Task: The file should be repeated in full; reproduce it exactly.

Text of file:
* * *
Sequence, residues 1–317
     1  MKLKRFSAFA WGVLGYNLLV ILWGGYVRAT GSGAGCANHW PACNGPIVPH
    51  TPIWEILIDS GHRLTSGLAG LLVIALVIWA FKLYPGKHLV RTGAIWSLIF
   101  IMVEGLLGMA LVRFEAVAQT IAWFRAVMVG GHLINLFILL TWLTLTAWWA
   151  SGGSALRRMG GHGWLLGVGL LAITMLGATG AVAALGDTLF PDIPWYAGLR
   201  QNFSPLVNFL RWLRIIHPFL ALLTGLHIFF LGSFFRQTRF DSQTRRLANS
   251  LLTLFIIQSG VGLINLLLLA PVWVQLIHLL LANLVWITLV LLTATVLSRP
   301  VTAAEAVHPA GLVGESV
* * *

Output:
Sequence, residues 1–317
     1  MKLKRFSAFA WGVLGYNLLV ILWGGYVRAT GSGAGCANHW PACNGPIVPH
    51  TPIWEILIDS GHRLTSGLAG LLVIALVIWA FKLYPGKHLV RTGAIWSLIF
   101  IMVEGLLGMA LVRFEAVAQT IAWFRAVMVG GHLINLFILL TWLTLTAWWA
   151  SGGSALRRMG GHGWLLGVGL LAITMLGATG AVAALGDTLF PDIPWYAGLR
   201  QNFSPLVNFL RWLRIIHPFL ALLTGLHIFF LGSFFRQTRF DSQTRRLANS
   251  LLTLFIIQSG VGLINLLLLA PVWVQLIHLL LANLVWITLV LLTATVLSRP
   301  VTAAEAVHPA GLVGESV